"Bach's music is surely made strange by this distorted interpretation: music created for church services becomes recontextualized as martial music, and Bach's "Heiland" is equated with the emperor god, who expects the Japanese to die willingly for him. By having patriotic soldiers sing and misinterpret a Western song, and thus making the episode seem thoroughly peculiar, Oe compels readers to reexamine traditional Japanese notions of an "honorable" death,..."
You can listen to it here: https://www.youtube.com/watch?v=Lgk6qUeZW2c
(Thank you Athena!)
I think that the painting being referred to is the one on the right in the following link http://ramhornd.blogspot.com/2013/05/songs-of-innocence-experience-2.html (Thank you Daniel!)
This is reference to the food in MAN-EN. I just really like these little references and want to point them out. (Thank you Daniel!)
Descarte's fame "I think, therefore I am". Kogito's name as revealed in the book is a direct reference to this phrase. The phrase creates a foundation for the pursuit of TRUTH, which we know that Oe is always trying to struggle with. (Thank you Daniel!)
From Wikipedia: His major contribution was the popularization of the egalitarian doctrines of the French philosopher Jean-Jacques Rousseau in Japan. As a result, Nakae is thought to have been a major force in the development of liberalism in early Japanese politics. (Thank you Daniel!)
A direct reference to MAN-EN! I wonder why the translator decided to translate it directly. (Thank you Daniel!)
It is the seventh and final volume in Proust's In Search of Lost Time. In Proust's world, everyone occupies a range of time due to his or her connection to the past. I think part of Kogito's "Death is Time" comes from this notion of Time. It seems related to the density of time theory we saw in JINSEI (Thank you Daniel!)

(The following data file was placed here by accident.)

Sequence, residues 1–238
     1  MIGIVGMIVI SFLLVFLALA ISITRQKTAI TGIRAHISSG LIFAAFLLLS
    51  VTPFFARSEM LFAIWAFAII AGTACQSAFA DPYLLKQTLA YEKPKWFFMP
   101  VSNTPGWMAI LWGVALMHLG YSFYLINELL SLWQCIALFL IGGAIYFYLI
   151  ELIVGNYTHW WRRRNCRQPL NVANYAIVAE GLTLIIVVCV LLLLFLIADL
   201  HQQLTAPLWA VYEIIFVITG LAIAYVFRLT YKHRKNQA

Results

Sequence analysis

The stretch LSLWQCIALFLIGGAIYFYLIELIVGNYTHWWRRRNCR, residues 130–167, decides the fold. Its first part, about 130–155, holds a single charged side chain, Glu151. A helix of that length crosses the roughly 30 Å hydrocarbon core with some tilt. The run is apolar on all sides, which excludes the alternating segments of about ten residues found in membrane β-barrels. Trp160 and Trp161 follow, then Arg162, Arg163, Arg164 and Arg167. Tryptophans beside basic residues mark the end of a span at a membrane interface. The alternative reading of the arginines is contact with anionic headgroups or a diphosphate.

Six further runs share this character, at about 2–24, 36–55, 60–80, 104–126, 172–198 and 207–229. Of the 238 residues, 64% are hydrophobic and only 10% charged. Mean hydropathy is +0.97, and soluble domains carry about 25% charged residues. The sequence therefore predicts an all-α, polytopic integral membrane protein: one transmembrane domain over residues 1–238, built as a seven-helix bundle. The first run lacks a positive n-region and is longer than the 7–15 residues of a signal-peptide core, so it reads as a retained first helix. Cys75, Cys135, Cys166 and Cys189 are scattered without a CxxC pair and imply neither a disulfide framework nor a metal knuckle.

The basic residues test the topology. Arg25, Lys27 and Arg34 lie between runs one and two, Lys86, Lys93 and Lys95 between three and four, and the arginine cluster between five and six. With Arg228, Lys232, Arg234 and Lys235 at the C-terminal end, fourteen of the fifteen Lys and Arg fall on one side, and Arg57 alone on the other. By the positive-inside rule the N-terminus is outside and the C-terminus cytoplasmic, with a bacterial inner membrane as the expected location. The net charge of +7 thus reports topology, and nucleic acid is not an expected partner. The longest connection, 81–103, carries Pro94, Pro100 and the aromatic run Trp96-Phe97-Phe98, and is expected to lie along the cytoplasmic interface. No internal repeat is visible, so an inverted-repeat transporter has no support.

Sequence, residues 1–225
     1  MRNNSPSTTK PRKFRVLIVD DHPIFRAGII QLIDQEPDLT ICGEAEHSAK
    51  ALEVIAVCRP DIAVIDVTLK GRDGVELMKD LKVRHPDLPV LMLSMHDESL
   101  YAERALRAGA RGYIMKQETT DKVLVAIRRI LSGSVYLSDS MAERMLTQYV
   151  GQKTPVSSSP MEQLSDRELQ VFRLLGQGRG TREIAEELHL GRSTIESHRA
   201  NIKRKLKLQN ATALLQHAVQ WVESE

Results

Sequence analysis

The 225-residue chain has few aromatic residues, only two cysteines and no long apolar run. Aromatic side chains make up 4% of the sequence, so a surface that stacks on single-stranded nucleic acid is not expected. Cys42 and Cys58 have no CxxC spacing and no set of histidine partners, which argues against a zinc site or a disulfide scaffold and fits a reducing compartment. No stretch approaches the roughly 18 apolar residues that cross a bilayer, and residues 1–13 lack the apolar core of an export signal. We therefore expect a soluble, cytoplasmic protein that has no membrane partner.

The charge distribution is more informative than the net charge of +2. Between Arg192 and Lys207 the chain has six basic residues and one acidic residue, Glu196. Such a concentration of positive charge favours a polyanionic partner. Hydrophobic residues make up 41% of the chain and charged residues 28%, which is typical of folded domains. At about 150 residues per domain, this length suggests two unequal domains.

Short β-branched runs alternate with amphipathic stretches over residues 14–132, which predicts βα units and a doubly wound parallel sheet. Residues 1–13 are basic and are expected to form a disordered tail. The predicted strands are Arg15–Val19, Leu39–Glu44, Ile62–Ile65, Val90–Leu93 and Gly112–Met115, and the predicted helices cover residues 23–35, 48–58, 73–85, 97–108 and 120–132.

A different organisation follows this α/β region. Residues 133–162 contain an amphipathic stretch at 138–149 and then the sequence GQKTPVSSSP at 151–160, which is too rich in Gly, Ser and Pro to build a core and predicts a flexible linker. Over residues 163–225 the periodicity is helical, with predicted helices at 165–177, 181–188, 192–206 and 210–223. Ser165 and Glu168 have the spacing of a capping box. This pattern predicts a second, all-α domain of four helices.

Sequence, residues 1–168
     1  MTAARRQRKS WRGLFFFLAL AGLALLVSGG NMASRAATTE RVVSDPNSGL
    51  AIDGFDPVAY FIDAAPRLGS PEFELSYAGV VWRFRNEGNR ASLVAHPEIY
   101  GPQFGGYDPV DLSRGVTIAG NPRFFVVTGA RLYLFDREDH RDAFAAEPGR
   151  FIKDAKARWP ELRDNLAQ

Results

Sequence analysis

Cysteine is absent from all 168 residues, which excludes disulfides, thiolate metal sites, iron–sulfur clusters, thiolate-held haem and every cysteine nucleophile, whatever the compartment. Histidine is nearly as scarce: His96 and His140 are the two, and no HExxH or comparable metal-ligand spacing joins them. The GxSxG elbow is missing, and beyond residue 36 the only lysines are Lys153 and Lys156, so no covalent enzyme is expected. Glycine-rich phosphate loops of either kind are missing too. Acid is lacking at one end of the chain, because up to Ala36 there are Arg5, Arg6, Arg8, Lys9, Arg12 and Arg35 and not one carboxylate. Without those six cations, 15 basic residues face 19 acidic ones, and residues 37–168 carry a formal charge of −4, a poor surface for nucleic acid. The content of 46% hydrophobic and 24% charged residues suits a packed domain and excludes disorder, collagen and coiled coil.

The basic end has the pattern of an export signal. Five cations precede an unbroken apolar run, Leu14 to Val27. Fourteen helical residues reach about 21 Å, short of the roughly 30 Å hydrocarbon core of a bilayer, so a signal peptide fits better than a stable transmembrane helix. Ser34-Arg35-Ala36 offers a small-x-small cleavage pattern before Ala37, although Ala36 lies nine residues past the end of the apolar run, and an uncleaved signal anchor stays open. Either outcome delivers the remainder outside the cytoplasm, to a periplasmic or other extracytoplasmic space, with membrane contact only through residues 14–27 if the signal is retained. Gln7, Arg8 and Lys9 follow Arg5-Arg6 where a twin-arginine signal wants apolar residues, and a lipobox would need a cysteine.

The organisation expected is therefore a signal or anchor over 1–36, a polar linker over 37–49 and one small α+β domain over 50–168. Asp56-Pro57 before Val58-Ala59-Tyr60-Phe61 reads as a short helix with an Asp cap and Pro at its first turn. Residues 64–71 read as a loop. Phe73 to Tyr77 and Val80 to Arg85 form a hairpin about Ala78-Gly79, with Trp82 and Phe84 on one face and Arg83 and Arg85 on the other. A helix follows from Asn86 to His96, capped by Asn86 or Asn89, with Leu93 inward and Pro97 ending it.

Personal notes: references to death and time on pg. 253 and 254 (Thank you Daniel!)
Link: https://www.youtube.com/watch?v=K8JnevTX-8Y (Thank you Daniel!)
Also known as Simplicius Simplicissimus. Plot according to Wikipedia: The novel is told from the perspective of its protagonist Simplicius, a rogue or picaro typical of the picaresque novel, as he traverses the tumultuous world of the Holy Roman Empire during the 30 Years War. Raised by a peasant family, he is separated from his home by foraging dragoons and is adopted by a hermit living in the forest, who teaches him to read and introduces him to religion. The hermit also gives Simplicius his name because he was so simple that he did not know what his own name was. After the death of the hermit, Simplicius must fend for himself. He is conscripted at a young age into service, and from there embarks on years of foraging, military triumph, wealth, prostitution, disease, bourgeois domestic life, and travels to Russia, France, and to an alternate world inhabited by mermen. The novel ends with Simplicius turning to a life of hermitage himself, denouncing the world as corrupt. (Thank you Daniel!)
These are the authors who we go to for ideas about carnivalesque and grotesque realism. (Thank you Daniel!)
Henry Ford Hospital is already on the site under JINSEI, but is worth repeating http://www.fridakahlo.org/henry-ford-hospital.jsp
Here is the link for Two Fridas, including a picture of when it was still not yet finished http://www.fridakahlofans.com/c0290.htm
(Thank you Daniel!)